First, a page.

Affordable living is more than just cheaper housing.
Since COVID-19, many businesses and industries have had to dramatically re-think how they operate with the lucky ones able to work remotely. However, for many businesses, remote working is just not possible.
Australia’s economy has been hit hard, sliding into its first recession in three decades. But our households – especially the most vulnerable, those in the first two income quintiles – have been hit the hardest. Many workers whose weekly income falls within the bottom two quintiles work in retail, hospitality and accommodation, health care and social services, manufacturing, and electricity, gas, water and waste services – jobs that as a general rule, simply cannot be undertaken remotely. Many of these workers will have been stood down for a period or worst still, will have lost their job all together.
Did you know?: Young people have been the most affected by job losses during the pandemic.
Many of these households are already under significant financial stress from the rising cost of living in our major cities. Housing costs are a key component of living affordability – Melbourne and Sydney in particular have some of the most unaffordable housing markets in the world. But focusing on housing costs only tells part of the story – that’s why we built KPMG’s Affordable Living Index (ALI).
The ALI is a tool that captures housing costs and transport costs – two of the most significant factors that influence living affordability. The ALI combines typical housing and transport costs for first two income quintile households in an area to generate a score. This score is used to compare the proportion of household income dedicated to housing and transport costs across a city. From this analysis, it is apparent that the urban form of a city shapes living affordability.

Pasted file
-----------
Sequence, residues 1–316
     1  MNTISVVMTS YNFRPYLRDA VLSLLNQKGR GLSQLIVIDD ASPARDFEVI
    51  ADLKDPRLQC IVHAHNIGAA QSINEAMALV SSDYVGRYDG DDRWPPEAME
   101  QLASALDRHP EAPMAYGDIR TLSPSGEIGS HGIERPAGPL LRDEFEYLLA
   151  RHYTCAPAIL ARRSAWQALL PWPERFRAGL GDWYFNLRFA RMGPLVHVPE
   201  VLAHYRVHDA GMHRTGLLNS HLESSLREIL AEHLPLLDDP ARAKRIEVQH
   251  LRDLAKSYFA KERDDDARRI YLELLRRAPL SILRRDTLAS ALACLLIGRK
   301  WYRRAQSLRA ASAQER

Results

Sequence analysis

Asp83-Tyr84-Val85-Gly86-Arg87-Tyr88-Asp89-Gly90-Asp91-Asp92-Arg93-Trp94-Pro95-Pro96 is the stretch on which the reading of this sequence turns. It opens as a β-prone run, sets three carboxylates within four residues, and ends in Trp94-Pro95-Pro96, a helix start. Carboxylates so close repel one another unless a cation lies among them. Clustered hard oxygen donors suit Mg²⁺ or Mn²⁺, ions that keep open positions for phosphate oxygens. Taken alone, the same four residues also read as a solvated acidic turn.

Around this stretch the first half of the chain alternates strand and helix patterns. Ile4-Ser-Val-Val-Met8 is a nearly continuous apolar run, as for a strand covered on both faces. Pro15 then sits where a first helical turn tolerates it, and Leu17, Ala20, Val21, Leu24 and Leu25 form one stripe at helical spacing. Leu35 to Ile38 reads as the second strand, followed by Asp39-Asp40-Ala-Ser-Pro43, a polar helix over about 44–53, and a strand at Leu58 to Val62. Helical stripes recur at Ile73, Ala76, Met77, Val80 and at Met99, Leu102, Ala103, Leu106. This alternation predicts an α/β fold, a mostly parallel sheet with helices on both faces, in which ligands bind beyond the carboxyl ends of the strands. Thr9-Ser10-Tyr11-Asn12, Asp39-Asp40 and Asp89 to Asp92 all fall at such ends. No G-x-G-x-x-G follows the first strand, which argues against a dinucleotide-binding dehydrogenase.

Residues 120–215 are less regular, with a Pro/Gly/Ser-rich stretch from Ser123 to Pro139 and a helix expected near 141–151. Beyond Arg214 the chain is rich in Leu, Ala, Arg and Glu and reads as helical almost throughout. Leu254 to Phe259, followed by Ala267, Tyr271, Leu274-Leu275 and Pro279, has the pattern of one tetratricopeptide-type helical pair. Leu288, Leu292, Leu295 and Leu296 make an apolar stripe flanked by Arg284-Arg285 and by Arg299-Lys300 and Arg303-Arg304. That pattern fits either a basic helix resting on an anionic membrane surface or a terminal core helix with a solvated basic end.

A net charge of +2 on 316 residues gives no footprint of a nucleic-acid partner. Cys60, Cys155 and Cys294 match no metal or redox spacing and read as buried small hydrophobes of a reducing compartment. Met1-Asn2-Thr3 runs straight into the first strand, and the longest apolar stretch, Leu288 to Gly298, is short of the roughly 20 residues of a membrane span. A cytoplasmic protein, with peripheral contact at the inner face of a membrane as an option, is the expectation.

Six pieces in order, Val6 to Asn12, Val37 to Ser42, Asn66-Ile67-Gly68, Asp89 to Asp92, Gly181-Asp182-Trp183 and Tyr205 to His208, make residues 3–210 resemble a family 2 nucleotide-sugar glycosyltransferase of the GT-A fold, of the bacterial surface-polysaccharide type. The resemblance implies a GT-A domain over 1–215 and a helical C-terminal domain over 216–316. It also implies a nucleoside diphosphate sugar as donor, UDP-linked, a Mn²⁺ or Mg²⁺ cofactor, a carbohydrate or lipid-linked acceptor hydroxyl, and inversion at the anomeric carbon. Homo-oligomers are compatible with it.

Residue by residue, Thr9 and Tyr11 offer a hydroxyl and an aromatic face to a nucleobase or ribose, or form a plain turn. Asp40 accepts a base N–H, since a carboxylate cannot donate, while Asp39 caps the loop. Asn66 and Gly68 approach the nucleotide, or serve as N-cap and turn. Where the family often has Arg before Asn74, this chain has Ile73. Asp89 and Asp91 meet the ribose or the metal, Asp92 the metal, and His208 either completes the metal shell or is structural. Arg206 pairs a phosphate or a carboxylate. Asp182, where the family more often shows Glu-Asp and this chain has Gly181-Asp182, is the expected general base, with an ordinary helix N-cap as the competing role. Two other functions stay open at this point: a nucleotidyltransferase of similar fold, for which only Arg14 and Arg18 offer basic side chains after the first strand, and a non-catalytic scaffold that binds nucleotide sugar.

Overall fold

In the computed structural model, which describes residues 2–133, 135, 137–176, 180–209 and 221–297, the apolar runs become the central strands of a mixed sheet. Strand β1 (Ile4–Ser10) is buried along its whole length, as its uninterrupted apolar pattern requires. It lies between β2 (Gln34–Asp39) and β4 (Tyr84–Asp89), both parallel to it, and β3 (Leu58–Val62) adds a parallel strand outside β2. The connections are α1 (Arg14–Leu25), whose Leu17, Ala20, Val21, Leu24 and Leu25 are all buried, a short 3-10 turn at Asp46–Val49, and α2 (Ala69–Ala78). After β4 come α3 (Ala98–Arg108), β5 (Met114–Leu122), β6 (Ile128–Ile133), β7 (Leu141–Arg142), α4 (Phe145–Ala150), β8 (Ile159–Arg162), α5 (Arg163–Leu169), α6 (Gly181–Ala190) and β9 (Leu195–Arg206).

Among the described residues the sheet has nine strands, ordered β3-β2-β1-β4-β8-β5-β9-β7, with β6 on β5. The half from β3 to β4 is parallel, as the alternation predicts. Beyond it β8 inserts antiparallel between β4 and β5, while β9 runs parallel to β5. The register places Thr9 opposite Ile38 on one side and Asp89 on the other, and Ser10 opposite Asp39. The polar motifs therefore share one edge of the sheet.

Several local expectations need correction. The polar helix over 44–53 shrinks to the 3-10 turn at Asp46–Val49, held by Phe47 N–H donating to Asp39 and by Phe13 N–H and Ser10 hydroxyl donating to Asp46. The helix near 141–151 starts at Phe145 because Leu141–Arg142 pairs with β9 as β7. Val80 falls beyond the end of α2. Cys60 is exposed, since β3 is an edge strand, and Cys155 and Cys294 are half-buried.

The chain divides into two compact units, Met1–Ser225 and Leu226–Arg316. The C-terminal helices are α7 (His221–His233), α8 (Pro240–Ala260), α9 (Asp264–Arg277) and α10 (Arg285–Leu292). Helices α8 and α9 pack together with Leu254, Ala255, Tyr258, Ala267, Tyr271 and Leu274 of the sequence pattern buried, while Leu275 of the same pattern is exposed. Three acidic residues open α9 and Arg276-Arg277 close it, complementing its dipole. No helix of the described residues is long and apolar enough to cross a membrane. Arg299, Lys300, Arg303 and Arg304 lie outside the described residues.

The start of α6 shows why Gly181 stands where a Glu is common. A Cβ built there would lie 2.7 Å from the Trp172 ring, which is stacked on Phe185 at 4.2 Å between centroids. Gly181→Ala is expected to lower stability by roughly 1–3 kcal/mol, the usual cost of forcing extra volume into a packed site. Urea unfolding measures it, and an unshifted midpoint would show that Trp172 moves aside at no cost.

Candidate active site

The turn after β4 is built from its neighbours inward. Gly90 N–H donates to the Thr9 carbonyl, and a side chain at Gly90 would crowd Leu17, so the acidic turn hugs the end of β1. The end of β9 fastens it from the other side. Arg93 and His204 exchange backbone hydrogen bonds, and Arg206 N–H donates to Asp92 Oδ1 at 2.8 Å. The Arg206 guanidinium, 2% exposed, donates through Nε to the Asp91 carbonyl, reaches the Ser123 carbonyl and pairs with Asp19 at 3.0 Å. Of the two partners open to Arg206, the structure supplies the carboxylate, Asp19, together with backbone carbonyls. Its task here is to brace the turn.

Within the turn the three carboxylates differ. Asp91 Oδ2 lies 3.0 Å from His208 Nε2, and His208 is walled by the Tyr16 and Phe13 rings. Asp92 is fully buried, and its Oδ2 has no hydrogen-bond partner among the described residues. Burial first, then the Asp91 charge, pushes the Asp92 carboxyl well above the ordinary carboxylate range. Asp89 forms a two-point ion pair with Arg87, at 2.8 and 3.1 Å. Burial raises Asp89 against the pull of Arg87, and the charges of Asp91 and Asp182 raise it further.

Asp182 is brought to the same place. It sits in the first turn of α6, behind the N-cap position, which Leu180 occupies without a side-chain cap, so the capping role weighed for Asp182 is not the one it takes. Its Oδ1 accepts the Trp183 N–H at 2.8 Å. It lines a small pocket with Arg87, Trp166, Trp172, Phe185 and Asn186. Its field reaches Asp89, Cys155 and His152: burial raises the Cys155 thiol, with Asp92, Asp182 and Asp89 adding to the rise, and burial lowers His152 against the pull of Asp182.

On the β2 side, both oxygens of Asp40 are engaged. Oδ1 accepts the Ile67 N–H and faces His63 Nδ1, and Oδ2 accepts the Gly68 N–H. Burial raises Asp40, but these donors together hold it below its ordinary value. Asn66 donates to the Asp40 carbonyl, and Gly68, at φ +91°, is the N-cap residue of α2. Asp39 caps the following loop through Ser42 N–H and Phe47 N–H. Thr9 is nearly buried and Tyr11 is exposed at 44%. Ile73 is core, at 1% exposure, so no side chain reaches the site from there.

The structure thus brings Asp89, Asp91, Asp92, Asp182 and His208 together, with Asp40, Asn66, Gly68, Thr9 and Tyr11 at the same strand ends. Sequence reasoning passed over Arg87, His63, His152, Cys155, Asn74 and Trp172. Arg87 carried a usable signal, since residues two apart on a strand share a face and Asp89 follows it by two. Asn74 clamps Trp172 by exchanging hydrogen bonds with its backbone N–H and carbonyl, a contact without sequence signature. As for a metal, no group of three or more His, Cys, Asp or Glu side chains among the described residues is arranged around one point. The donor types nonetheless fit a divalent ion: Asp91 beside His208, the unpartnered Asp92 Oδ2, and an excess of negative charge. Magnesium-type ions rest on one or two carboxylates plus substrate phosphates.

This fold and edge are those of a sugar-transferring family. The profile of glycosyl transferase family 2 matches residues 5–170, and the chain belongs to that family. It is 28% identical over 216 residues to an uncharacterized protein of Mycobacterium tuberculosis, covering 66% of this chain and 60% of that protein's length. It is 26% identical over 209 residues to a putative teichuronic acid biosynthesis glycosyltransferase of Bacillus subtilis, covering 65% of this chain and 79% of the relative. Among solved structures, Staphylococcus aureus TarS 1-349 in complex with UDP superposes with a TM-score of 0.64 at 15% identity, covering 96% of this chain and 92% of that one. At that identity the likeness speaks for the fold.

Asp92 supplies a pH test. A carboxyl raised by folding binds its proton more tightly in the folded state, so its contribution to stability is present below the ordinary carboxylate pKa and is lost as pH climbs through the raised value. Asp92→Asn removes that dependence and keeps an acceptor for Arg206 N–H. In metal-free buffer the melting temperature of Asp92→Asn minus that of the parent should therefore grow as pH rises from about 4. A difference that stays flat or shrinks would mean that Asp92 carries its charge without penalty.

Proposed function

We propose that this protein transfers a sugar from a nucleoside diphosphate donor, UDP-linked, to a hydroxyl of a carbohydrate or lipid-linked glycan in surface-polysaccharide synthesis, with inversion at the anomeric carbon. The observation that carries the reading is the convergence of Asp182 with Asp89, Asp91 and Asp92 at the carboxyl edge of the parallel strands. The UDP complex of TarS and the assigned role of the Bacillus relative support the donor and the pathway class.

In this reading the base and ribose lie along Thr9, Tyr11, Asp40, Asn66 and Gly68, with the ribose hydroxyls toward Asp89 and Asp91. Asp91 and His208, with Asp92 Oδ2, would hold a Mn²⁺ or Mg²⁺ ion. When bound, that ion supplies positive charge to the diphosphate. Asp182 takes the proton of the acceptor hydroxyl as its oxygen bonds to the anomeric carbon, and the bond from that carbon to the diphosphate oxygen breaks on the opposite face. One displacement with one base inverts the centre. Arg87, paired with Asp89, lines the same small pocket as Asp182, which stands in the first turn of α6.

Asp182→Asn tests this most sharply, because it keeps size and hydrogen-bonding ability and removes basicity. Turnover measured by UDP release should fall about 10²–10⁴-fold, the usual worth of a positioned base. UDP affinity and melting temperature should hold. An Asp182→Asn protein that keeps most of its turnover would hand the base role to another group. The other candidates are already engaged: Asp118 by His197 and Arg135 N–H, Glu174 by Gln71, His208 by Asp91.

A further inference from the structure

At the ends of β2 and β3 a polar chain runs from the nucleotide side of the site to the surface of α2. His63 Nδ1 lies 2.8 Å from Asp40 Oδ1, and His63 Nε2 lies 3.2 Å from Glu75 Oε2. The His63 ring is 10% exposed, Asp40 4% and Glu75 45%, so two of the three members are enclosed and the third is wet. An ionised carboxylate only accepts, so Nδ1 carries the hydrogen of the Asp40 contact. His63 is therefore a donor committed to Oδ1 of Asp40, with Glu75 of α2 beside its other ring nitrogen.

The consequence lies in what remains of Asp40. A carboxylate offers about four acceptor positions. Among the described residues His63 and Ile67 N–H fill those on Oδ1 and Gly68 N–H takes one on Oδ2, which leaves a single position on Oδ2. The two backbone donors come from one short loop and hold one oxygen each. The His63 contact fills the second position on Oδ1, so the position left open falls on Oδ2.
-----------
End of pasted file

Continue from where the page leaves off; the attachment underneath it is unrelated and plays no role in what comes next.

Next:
Did you know?: More than half of all single mothers live in households in the first two income quintiles.
For example, when the ALI is applied to Melbourne, it is apparent that it is expensive for our most vulnerable to live in the outer suburbs. This is counter intuitive as the cheapest housing is often further from the city centre. But, these suburbs are poorly connected by public transport and households rely on private vehicles (usually more than one per household) for their daily commutes. Despite the availability of cheaper housing, transport costs are very high making overall living affordability very poor in these suburbs.
A typical supermarket worker living in Casey is only left with $198 per week after accounting for housing and transport costs. $198 to cover the cost of fresh food, visits to the doctor, heating, school equipment such as textbooks, and connection to the internet. Forgoing such critical items can significantly affect a household and risks entrenching disadvantage in certain pockets of our community.
While we begin to turn our minds to what a post-COVID world looks like, it is important to acknowledge that for some households the COVID-19 pandemic is aggravating existing financial pressures. To support households to recover, to make them more resilient to future shocks and to create a more equal society we must broaden our focus and seek to better understand the systemic drivers of financial pressure.